Over 98% of the population speaks Danish, one of the North Germanic languages, a sub-group of the Germanic branch of the Indo-European languages. It is spoken by around 6 million people, mainly in Denmark.
Under the terms of the home rule acts, Danish enjoys equality with Faeroese and Greenlandic in the Faeroe Islands and Greenland respectively, and Danish is a compulsory school subject. In Icelandic schools, too, Danish was the first foreign language to be learned until the late 1990’s and Danish still serves as a means of communication with the other Nordic countries.
While written Danish has strict rules, the spoken language may vary considerably in pronunciation, although few people actually speak dialect. The vast majority speak either standard Danish or more often a regional and/or social variation of it.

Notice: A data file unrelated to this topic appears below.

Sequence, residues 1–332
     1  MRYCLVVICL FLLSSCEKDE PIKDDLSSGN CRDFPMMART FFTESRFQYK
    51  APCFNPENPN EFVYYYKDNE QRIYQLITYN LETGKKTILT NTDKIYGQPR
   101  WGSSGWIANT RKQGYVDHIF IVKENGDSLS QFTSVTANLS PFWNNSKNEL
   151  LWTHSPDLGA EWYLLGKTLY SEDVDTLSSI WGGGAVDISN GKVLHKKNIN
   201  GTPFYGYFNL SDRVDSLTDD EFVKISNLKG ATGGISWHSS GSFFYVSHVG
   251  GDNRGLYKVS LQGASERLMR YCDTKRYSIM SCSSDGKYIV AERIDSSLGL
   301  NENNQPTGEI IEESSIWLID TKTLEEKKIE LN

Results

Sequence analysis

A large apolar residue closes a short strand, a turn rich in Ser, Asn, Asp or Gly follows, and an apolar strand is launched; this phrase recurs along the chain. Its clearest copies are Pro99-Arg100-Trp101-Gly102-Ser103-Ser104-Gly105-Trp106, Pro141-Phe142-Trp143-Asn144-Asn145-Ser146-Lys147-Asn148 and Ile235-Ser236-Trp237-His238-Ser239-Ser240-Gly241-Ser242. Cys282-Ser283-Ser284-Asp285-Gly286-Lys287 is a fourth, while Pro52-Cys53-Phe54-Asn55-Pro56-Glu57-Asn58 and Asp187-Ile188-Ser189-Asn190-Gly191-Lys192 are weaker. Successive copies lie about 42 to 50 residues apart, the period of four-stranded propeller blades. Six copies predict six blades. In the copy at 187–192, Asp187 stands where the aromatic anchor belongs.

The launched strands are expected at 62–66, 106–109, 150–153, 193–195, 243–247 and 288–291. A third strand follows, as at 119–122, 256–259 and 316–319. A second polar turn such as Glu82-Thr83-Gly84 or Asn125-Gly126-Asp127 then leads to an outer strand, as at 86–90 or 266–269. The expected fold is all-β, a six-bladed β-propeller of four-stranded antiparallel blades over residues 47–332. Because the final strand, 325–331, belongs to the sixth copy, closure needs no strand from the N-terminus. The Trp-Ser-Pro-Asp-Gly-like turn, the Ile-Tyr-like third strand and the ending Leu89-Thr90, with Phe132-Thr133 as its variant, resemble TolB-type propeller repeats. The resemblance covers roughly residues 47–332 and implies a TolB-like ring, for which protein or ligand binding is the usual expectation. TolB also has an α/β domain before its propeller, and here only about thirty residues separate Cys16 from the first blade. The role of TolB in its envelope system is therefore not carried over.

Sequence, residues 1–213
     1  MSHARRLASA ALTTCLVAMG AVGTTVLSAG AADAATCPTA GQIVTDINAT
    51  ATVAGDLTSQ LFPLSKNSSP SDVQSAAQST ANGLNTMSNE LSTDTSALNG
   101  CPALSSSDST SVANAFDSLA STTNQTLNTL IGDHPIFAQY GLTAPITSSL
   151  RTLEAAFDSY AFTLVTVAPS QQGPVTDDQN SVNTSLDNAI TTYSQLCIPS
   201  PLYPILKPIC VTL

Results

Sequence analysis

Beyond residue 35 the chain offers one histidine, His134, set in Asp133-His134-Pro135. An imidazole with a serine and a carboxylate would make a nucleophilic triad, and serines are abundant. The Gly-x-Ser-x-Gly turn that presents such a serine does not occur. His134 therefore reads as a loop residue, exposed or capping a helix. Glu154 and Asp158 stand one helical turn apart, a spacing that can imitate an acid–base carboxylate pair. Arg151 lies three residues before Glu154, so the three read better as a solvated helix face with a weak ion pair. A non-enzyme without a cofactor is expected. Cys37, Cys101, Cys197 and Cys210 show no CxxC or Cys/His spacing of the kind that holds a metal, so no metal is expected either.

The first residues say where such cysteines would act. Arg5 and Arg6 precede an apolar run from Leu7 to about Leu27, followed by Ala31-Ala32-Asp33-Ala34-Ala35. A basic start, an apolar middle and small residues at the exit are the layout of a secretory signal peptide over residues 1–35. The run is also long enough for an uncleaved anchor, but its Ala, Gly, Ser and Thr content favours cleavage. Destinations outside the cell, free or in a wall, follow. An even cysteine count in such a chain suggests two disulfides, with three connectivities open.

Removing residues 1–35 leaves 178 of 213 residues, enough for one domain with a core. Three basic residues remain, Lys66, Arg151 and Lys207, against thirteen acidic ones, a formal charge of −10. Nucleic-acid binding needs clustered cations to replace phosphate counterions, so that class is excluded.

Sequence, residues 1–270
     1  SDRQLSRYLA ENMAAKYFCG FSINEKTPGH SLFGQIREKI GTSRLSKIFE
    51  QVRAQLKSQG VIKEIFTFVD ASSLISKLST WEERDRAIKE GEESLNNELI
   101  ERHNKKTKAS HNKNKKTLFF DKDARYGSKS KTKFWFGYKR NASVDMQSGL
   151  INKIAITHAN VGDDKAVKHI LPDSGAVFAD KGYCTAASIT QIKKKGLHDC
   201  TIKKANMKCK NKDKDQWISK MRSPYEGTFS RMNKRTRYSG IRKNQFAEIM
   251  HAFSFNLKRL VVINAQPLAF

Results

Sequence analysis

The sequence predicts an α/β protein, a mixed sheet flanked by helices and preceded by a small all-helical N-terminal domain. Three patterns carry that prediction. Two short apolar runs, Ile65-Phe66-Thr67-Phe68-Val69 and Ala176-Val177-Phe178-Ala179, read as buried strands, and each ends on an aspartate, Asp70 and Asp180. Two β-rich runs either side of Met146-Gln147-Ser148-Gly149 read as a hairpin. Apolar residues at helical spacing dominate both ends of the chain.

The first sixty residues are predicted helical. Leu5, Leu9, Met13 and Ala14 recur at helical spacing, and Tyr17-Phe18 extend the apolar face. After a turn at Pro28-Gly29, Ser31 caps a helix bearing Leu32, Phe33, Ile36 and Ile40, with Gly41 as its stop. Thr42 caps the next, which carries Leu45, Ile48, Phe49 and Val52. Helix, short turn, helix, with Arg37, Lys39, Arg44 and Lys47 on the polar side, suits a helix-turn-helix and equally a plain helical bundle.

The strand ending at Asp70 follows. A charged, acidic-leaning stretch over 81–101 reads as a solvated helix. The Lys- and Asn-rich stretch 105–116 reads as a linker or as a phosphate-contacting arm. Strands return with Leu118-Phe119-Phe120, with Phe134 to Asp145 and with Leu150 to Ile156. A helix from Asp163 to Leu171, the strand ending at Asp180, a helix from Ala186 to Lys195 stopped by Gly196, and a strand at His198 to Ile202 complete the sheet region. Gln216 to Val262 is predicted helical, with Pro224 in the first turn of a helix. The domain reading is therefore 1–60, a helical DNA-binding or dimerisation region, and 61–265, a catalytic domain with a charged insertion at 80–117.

German is recognized as an official regional language in the Nord-Schleswig region that borders Germany, where it is spoken by 23,000 people, about 0.4% of the 5.2m Danish population. Greenlandic, an Inuit language, is spoken by 0.1% of the population.